A Brief Introduction To Java Security
 

                                          Nov 22, 1998
 
                                                                 Yue Wang
                                     Department of Computer Science and Engineering
                                                 Helsinki University of Technology
                                                           ywang2@cc.hut.fi
 
 

                                                               Abstract

        The concerns for Java security is bound with the power of Java. With Java Applet we
        can download executable content from open network which brings both exciting
        advantage and dangerous risk to us. The original Java security model is called
        sandbox model, which creates an restricted working environment for untrusted code
        obtained from the open network. To create such a sandbox we need cooperation from
        Java language itself, run time class library, and web browser.
 

        1. Introduction

        Since its birth in the early 70s as a twelve-node network callled the ARPANET, the Internet
        has exponentially exploded into a world-wide network. It gained so much rapid expansion
        not because of the network itself but because of the so-called World Wide Web technology.

        Before 1992 when the World Wide Web was introduced, the internet was almost exclusively
        text-based and maily used by computer scientists and researchers. They used it to transfer
        files to one another, and to keep in touch via e-mail. There is not much attractions to the public
        here as you can see the Internet is associated with serious research work.

        Then in 1992, Tim Berners-Lee, a British researcher at the CERN physics facility in Europe,
        introduced hypertext markup language (HTML) and Web browsing to the Internet. From then
        on the Internet became colorful, lively, and more attractive than ever before. From the usr's
        point of view the Internet is like a huge database from which they can get various kinds of
        information (pure data). Also the ease of use of web browser makes seaching through the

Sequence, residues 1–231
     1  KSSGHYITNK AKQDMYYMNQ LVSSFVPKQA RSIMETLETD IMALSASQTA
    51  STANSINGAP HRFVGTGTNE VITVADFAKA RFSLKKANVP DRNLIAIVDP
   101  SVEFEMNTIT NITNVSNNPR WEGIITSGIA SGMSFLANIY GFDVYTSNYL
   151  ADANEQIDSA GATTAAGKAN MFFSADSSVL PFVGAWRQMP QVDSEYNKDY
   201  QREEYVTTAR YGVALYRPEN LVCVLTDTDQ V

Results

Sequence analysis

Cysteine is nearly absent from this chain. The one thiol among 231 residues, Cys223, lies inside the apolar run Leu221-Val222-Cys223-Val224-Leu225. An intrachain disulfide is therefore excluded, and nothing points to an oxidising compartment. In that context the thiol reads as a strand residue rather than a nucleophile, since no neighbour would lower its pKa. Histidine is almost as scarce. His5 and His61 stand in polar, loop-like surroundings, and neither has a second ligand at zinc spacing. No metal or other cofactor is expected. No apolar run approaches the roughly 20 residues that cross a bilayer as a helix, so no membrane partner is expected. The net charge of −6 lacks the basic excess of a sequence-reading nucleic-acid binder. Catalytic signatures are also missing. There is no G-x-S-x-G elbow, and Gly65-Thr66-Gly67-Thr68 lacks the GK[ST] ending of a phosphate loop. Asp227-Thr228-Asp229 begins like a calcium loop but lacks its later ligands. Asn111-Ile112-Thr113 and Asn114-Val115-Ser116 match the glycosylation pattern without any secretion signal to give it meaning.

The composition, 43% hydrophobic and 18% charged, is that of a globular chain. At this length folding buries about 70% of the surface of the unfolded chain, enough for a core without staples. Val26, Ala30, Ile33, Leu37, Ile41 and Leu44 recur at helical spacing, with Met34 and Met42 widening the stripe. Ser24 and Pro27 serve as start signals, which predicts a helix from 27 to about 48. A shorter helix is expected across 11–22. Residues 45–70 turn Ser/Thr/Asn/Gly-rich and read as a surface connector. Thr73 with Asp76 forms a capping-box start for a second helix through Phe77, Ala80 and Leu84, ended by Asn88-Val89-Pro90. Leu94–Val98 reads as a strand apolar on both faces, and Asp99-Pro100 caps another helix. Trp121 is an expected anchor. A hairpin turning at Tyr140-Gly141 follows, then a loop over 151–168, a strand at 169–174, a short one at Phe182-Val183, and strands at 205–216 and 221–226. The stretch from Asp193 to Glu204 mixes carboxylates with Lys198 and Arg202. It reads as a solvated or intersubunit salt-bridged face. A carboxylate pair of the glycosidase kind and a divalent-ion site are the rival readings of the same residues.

Internet an feeling of "surfing".

        Java makes it a step further. Using Java with World Wide Web provides not only pure data
        to users but also executable content as well. Users can download a Java Applet through the
        Internet and make it run on his own computer. Since you have some code which written by
        someone else other yourself executing on your computer, security issues are a fundamental
        concern from the very beginning.

        Because Java is a fully featured programming language, and Java applications can read and
        write files on locat computer, communicate with various devices, connect to sockets, and so
        on, the Java security issues disscussed in this essay concerns only Java Applet.
 
        2. Java Security Architecture

        2.1 the Sandbox Model

        The original security model (in JDK1.0) provided by the Java platform is called Sandbox
        Model, which creates a restricted working environment for untrusted code obtained from the
        open network [2]. With this model, all of the code is classified into two category: trusted
        and untrusted. The trusted code, local code in JDK 1.0 and in JDK1.1 including signed
        applets as well, have a full access to to valuable system resources (such as file systems)
        while untrusted code can access only the limited resources provided inside the "sandbox",
        as illustrated below.
 
 

                                                Fig 2.1 JDK 1.0 Security Model [2]

        In JDK 1.2 a new protection architecture is introduced on the base of a new concept of
        protection domain. Protection domains generally fall into two distinct categories: system
        domain and application domain, and valuable resources like file system could be accessible
        only via system domain. The Java application environment maintains a mapping from
        code (classes and instances) to their protection domains and then to their permissions, as
        illustrated by the figure below. [2]

                                           

                           Fig 2.2 Mapping from class to domain to permissions [2]

        As we can see, from the Sandbox Model to Protection Domain concept, the idea does not
        change much. Only the mechanism, i.e., how to construct the sandbox, changed to be able